The ANU College of Law offers a range of stimulating and practical study programs to aspiring students of law, including established practitioners wishing to further their careers. College faculty are also leading researchers and national and international experts committed to excellence in all aspects of their teaching, research and policy impact work.

What is auditing?

Auditing or "listening in" offers access to some ANU courses (lectures only).

The Centre for Continuing Education offers access to approved ANU courses for people who want to listen in to lectures without actually enrolling as a degree student. Auditors (listeners) do not generally require any special qualifications except for those courses where prerequisites are necessary - this can be ascertained by consulting the ANU website.

Audit students may not sit formal examinations. An Audit enrolment guarantees admission only to lectures. Attendance at lectures will under no circumstances be accepted as credit towards a degree program. Auditors may seek permission from the faculty to attend tutorials (subject to space being available), additional fees may apply.

No dates are currently scheduled.

This course forms part of a new interdisciplinary and cross-College initiative. It introduces students to major research now undertaken that reflects the view that law is neither divorced from nor above the cultural forces and representations all around us.

Whether as a lawyer, an activist, a politician, a writer, a diplomat, or a citizen, we face a global world whose enormous challenges will require of us the ability to understand the relationship between legal discourse and other discourses such as art, human rights and literature which responses to these challenges. Human rights offers a legal and moral framework that attempts to address experiences of injustice, suffering, and traumatic loss. To address these effectively we need to draw on a range of vocabularies and discourses, and be able to mediate between them—to compare, contrast and evaluate their meanings and impacts.

In Literature Law and Human Rights, we study the representation, advocacy and critique of human rights in different genres, including their treatment in law and literature, including film and the visual arts.  Each of these forms of storytelling are devised to solicit strong reactions in an audience. Whether in Palestine, Africa, or Alice Springs, law, literature and human rights are different languages for expressing injustice and for demanding redress.  Each are powerful in their own way.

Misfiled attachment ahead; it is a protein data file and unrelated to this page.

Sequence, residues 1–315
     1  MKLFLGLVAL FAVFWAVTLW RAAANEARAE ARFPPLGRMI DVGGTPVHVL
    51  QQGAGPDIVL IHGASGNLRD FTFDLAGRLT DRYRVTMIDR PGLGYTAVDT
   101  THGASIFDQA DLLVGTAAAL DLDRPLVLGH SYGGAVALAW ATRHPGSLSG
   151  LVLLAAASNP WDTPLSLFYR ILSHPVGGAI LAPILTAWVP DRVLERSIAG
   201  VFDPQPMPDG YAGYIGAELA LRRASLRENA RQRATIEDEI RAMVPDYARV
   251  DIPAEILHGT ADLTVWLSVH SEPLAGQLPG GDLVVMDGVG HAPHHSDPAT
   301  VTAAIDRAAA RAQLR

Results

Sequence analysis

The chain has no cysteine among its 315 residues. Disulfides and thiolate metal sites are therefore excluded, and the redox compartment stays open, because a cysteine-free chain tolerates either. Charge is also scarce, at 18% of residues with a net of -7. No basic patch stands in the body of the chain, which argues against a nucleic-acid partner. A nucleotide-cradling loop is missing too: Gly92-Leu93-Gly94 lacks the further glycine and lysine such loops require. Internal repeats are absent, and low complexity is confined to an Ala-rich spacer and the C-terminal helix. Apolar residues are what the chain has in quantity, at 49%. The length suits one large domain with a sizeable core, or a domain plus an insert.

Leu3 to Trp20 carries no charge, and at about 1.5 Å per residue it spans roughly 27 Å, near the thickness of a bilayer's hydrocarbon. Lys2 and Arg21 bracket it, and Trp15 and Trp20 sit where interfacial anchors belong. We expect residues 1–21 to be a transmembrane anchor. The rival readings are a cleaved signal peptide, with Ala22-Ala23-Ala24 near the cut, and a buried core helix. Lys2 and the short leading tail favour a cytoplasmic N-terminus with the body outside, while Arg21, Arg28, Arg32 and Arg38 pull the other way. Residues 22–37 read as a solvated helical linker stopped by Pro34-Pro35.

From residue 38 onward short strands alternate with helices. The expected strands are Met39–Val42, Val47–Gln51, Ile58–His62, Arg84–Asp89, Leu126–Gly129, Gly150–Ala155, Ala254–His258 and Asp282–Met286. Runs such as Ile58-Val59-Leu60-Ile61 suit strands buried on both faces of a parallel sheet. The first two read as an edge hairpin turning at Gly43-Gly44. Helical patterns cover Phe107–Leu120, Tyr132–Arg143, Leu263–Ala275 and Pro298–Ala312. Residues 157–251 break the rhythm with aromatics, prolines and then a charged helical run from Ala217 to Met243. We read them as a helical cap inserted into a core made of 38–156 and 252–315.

A lawyer, an activist, a novelist, and a film-maker are all storytellers with specific means at their disposal, and specific goals in mind. But just what kinds of storytelling are they? How do they differ from one another, and how do they influence one another?  In what ways does literature (in the broadest sense) help organize our understanding of human rights, and mobilize legal responses? And on the other hand, in what ways does law constitute a literature of human rights, and with what consequences?

Learning Outcomes

By the conclusion of this course, students who have successfully completed all of the requirements will have the knowledge and skills to:

  1. Define and critically analyse keywords and concepts shared across the disciplines of law, literature and human rights, including testimony, witness, reconciliation, memory, justice, and recognition
  2. Compare, contrast and reflect on contemporary scholarship on and critical approaches to human rights and humanitarian intervention
  3. Recognise, distinguish and appraise research and methods in the fields of law and literature, memory studies, and theory, with specific reference to major case studies chosen to illustrate, particularize, and interrogate core concepts and historical episodes
  4. Analyse the discourses and genres that intersect in constructing the relationship between law, literature, and human rights.
  5. Evaluate and compare a complex variety of textual sources—laws, legal decisions, and commissions of inquiry, as well as novels, films, and artworks—and to critically analyse and reflect on their strategies, blind spots, problems, and effects
  6. Independently problem-solve by evaluating, planning, and executing advanced interdisciplinary scholarship and research.